That prophecy was literally fulfilled in the case of St. Roderick, a Spanish martyr who died at the hands of the Muslim Moors in A.D. 857. His was a bitter case of the reverse of Christian love. We owe the account to eyewitness St. Elogius, who later on died for the faith himself.

It must be admitted that when the Mohammedans invaded Spain in A.D. 711, even they were sometimes shocked by the lack of religious principles among a large number of the Hispanic Christians. As the Moors swarmed in, the Catholics, far from presenting a strong front, became divided. Many, whether out of fear or lack of faith, voluntarily gave up their Christianity. Families thus split asunder and the members on either side railed at each other.

St. Roderick was to prove a sad victim of this sort of betrayal. He was a good priest of Cabra who had two irresponsible brothers. One of them was a bad Christian who had all but abandoned his faith. The other had gone still further and joined Islam. One night the two started to fight each other unmercifully. Roderick tried to break them up, but instead of yielding, they turned on him and beat him senseless. Then the Muslim brother had the priest put on a litter and carried half-conscious through the streets. The Muslim accompanied the bier, proclaiming that Father Roderick, too, had apostatized, and that he wanted it known publicly before he died. Eventually the victim did recover and went off to a safe place.

But Father Roderick had not yet seen the last of his renegade brother. The Muslim met the priest soon afterwards in the streets of Cordova. He had Roderick taken at once before the Mohammedan kadi (judge), where he accused him of the crime of having returned to Christianity after public profession of his Muslimism.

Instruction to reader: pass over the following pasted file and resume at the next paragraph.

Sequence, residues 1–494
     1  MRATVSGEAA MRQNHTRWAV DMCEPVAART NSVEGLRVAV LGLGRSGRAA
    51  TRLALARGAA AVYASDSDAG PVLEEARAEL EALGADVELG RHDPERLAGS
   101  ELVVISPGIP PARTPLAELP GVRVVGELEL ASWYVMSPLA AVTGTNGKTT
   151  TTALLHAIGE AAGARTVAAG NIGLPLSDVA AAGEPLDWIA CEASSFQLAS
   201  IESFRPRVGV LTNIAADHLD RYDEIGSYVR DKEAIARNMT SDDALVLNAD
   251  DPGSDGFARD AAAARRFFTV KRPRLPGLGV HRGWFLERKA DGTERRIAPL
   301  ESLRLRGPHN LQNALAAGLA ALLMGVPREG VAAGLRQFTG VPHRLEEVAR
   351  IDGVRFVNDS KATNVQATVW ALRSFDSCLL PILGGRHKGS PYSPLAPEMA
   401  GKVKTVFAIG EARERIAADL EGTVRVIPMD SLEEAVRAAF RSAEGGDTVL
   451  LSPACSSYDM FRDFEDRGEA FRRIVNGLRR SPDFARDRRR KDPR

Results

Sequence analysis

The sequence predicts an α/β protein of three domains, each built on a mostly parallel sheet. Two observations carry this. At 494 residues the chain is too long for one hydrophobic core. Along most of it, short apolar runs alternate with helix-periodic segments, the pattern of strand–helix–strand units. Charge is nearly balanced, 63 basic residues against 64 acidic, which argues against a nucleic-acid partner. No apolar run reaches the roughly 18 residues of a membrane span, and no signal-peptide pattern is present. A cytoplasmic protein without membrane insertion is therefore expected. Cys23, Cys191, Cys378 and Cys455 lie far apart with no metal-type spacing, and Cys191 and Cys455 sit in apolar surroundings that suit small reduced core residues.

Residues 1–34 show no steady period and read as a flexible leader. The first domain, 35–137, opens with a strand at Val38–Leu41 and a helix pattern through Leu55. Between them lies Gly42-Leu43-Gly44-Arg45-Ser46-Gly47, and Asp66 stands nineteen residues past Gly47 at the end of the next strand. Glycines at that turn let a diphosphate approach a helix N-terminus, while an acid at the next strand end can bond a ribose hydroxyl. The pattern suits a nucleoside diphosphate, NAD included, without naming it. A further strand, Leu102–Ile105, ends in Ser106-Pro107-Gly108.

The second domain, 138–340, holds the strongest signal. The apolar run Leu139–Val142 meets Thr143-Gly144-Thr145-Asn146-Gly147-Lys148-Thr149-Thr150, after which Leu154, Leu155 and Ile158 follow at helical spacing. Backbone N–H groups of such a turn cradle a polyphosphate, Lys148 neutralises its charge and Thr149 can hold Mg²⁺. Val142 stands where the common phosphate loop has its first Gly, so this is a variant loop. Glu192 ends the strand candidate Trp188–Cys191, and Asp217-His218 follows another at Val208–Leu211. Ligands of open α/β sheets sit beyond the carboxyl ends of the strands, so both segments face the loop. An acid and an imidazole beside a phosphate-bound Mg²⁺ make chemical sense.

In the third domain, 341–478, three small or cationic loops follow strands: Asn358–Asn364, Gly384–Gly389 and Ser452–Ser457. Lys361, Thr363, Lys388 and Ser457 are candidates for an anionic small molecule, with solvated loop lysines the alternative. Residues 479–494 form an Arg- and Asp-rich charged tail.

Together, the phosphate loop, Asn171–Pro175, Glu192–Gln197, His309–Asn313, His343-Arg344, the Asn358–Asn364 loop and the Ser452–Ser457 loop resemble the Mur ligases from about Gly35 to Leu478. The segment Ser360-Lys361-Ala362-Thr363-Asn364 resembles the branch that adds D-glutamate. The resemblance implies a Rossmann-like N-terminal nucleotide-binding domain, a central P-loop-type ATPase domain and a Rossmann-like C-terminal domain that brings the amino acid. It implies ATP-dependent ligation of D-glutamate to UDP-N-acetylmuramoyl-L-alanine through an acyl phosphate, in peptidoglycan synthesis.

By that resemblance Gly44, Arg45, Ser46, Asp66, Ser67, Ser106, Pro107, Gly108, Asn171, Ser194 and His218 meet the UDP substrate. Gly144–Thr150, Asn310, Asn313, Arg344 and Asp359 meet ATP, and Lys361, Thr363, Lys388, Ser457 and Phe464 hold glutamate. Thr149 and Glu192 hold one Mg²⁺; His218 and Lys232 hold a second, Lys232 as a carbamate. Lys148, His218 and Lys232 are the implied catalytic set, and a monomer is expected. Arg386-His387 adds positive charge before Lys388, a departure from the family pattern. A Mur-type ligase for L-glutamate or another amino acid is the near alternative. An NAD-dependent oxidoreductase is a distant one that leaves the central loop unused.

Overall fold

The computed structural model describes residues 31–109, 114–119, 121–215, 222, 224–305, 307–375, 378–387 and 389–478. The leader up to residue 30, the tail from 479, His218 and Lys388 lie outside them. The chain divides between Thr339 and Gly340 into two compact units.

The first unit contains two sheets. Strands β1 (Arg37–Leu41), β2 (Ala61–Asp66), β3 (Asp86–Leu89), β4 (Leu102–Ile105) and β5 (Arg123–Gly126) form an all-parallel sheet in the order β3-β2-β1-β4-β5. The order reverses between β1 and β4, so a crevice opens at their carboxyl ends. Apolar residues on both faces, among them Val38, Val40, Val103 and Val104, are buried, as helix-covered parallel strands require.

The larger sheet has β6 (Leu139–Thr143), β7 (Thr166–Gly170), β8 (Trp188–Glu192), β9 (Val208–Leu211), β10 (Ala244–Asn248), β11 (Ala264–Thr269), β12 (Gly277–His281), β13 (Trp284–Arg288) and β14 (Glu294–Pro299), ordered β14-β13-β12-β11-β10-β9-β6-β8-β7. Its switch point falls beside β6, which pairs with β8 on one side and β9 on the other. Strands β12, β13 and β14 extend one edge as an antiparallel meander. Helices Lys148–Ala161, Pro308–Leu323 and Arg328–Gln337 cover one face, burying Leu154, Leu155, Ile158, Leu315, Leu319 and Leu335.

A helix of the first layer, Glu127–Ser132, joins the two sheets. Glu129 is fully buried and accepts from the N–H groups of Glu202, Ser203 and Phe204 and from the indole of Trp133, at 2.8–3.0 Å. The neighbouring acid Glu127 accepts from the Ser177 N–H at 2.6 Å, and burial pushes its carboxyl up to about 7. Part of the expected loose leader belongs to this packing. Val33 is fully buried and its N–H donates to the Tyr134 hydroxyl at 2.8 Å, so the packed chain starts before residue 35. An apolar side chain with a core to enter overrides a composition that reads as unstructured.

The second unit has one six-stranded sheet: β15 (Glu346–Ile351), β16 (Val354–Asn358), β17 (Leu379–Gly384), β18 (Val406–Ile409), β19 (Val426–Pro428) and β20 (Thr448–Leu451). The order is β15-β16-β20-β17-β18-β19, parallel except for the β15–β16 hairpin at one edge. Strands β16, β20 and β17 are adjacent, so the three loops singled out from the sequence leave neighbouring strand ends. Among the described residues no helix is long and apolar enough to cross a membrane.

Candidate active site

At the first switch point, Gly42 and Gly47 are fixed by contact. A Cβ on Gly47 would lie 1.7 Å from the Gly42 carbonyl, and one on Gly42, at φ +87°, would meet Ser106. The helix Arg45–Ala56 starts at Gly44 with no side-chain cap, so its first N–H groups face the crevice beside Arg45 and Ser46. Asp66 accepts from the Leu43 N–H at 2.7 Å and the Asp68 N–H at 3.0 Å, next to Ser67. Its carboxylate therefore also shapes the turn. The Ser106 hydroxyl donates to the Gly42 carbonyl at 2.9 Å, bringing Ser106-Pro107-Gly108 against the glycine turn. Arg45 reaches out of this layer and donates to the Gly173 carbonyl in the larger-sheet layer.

Although Father Roderick protested that he had never denied his Christian faith, the kadi clapped him into the city's worst dungeon.

In that fetid jail, the priest at least had the comfort of finding one Solomon, another Christian prisoner who had been accused of the same "unforgiveable" crime. Both of them were given a long term of imprisonment, in the hope that they would convert. But each man encouraged the other, and they remained firm in their Christian convictions. Even when separated, they would not change their belief.

Eventually, the kadi ordered the Catholic priest and the layman beheaded. St. Eulogius saw their headless bodies lying on the riverside. He noticed that the guards were careful to throw into the stream any stones stained with the men's blood, for fear the faithful might pick them up as relics.

The soldiers sought in vain to ward off veneration of SS. Roderick and Solomon. Spanish Christians would always honor them thereafter as martyrs. And they would also gradually learn from this heroism that the Faith is something really worth dying for.

—Father Robert F. McNamara

Excerpted from St. Kateri Tekakwitha Parish


The Station today is at St. Lawrence in Panisperna. The church stands on the site of St. Lawrence's martyrdom. The appellation refers to the name of the street, which in turn most likely refers to the tradition of the Poor Clares in the adjacent convent of distributing bread and ham (pane e perna) on August 10th, the feast day of St. Lawrence. This is done in remembrance of St. Lawrence distributing funds from the church to the poor.